I hev bin attendin the anniversaries. They've got all kinds here--assorted sizes calculated for all tastes. You can hev eenjest about anything you want. Ar you for good sound old brimstone? here it is--and you can bathe your weary soul in its cheerful doctrines--heated like a Turkish bath, according to your taste. Then, followin out this moslem device, right round the corner you can hev a plunge inter "free religion," wich being composed of successive concave, convex and concrete layers of highly sublimated vacancy, is soothin, arter the parbilin experience at tother shop. That wonderful sooperstructer, the mind, arter these strongly contrasted treatments, is left in that happy condition mentioned in the second volume of what dye call him's great work on theology. "Sometimes you think one way, sometimes another, then more times you are of the same opinion."
For myself, arter runin the religious conventions, I couldn't tell whether I was a trinitarian, unitarian or shakin quaker. I took a leetle somthin warm to settle my idees--probably I didn't take enough--leastwise a sinful perliseman, wich I felt moved to convert, failed to comprehend my pints and led me home.
I vacilated about for a day or two between high church, low church and no church at all. Now a Hivite, then a Gadite, a Hitite or a Shoomanite--everything by turns and nothin long. Previous to undergoin this bout, I supposed myself grounded in faith, though I don't remember now what was the nater of that faith, ef I ever did--probably suthin in the nater of doxology or sich.
This truth I hold to be self-evident. No sane man, of good moral principles, can--even with the support of a little sperit and water--undergo a Boston anniversary campaign and feel hisself able to read his title clear to mansions in the skies, or to any other real or personal estate of that nater. I speak from experience. In a theological pint of view, I am demoralized and my morals more or less onsettled. However, under advice of a catholic friend I providentially met, I am counting beads, wich, with other stimulative exercises, he thinks will set me up agin in two weeks. If not, I suppose, from what he says, I shalal have to go on a pilgrimage.
Perhaps my heftiest experience was with the wimmin's sufferins. In that orgust assembly I was foolish enough to venter a few feeble remarks illustrative of my views of the sitooation and ever since I wish I hadn't.
I gin it as my idee that wimmin hed a spear wich they'd orter keep into, and when she climbs or breaks through the fence, providentially built round the spear, should be treated like any other breechy critter--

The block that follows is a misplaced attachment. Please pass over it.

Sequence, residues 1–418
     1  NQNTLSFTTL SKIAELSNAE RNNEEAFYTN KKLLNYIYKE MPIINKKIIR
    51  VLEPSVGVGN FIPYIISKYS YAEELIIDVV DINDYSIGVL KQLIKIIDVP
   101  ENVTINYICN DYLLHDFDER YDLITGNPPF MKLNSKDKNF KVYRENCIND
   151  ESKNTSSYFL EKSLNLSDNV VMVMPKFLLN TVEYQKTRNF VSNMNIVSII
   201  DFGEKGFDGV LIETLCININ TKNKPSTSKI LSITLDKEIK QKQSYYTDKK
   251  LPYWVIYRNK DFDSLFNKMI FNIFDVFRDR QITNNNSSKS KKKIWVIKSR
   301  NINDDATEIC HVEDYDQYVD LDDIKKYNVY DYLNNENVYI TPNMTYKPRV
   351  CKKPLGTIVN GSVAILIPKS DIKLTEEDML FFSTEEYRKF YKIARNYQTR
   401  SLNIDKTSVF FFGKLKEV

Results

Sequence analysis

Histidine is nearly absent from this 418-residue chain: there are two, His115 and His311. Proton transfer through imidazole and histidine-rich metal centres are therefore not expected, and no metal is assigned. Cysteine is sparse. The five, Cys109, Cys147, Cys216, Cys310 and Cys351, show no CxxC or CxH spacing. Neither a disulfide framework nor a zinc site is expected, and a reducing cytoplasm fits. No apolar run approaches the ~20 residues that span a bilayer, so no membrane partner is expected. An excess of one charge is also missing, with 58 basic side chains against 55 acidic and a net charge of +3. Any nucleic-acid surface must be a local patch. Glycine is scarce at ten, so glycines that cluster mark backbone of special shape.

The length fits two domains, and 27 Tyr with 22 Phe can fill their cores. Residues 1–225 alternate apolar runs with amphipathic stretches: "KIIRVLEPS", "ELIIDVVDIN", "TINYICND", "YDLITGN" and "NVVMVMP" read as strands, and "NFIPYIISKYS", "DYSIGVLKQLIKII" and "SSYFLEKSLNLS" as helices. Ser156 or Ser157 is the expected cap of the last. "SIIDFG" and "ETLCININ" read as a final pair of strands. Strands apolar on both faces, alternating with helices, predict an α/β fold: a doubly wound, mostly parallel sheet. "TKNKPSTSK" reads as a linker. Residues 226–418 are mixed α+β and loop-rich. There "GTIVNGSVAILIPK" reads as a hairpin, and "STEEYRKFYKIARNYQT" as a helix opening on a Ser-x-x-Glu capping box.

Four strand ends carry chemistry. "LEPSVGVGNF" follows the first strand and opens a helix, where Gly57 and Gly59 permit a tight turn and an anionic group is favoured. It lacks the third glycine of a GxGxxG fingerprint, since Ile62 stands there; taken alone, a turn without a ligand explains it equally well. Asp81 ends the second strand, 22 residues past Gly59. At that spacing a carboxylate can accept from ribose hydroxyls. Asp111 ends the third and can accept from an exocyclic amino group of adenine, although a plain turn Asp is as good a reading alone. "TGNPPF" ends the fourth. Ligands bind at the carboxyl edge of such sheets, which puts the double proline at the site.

"Why" * * "Will the gent tell us what he means by his spears?" blandly enquired a sharp nosed and chined lady, with her dress hung straight from shoulder to heel.
"Wot is spears?" says I.
"Aye," says she.
"Spears," says I, "is--I think--that is, I calkerlate eenjest about everybody knows what constitute spears, and--"
"And it is very evident," interrupts she, "that the gent is not one of the eenjest everybodys he mentions, and that it is exceedin doubtful ef he knows anything. I respectfully propose that he proceed to dry up!"
And I proceeded, glad to get off so easily, as this eminent pillar and champion of the down trodden sects really looked vicious and capable of doing me bodily harm.
So my feeble remarks was onspoken and will so continer forever, for I was so onjointed by the assault that I have never been able to recall even the heads of that remarkable effort. I may venter to observe, however, that I think they was suthin in the nater of a Crusher!
Of course, the strong-minded one improved the occasion. She said wimmen hed no spear, wanted none, would not be shut up into one at no price. Remarked that the hull boundless continent was hern, and would like to see the ordashus man--here she looked wicked at me--wich would try to put a narrer Utiker onto her. She also called me a maskerline gander! I tried to leave, but she fixed me, like a ancient marriner, with her glitterin eye, (she had but only one) and I sot like a chipmunk afore the jaws of a streaked snake, whilst she slung Joan de Aker, Queen Lizabeth, Abigail Folsom and a complete assortment of distinguished females at my unprotected head.
Hoping to molify my inemy, during a temporary lull in her eloquence, I deferentially remarked that, though personally onacquainted, I had the highest possible respect for all of these ladies, and begged through her to convey to each my distinguished regards; to wich the strong one answered, "Scat!--get out!!"
I reely do wish I'd hed the sense to hev scatted or even got. Contrary I went on to apologize for bein a man. Wished an onskrewtable providence hed sot me up on feminine principles and indowed me with graceful crimmerline instead of these hateful trowsis--but at mention of that attrocious and omnentionable garment the hull assembly united in a shrill scream, to wich a fust class cat concert would hev ben second fiddle. Similarly at the same time, my arch inemy commenced a rapid flank movement on my right, while another, evidently equally gifted, menaced my left centre, and I fell back in disorder. Yet even then, my retreat might hev bin a dignified one but for a circumstance no gineral can always guard agin.
Those acquainted with war will readily understand that, obliged to keep your eye on the inemy, this manoover must be executed backerds, wich, so to speak, leaves yer rear guard onkivered, and it is perhaps needless to say, I fell!" An advance picket, consisting of a spitoon and umbriller rack, was what did it.
Bein down I thought I wouldn't get up just then, and concluded my retreat through the door in a posish favorable for "leap frog," had any of the inemy felt inclined for that graceful and healthy game.
Stephen Sakellarios, M.S.
*Yesterday, while talking to Abby about this, I got the impression from her that just as one's body isn't really one's own to destroy--rather, it belongs to God--just so, one's legacy is not one's own to destroy. This is why it is now a karmic necessity for me to return and work so hard to reinstate what I had once so carefully hidden.
Music opening this page, "Gem," by Eric Johnson,
from the album, "Up Close"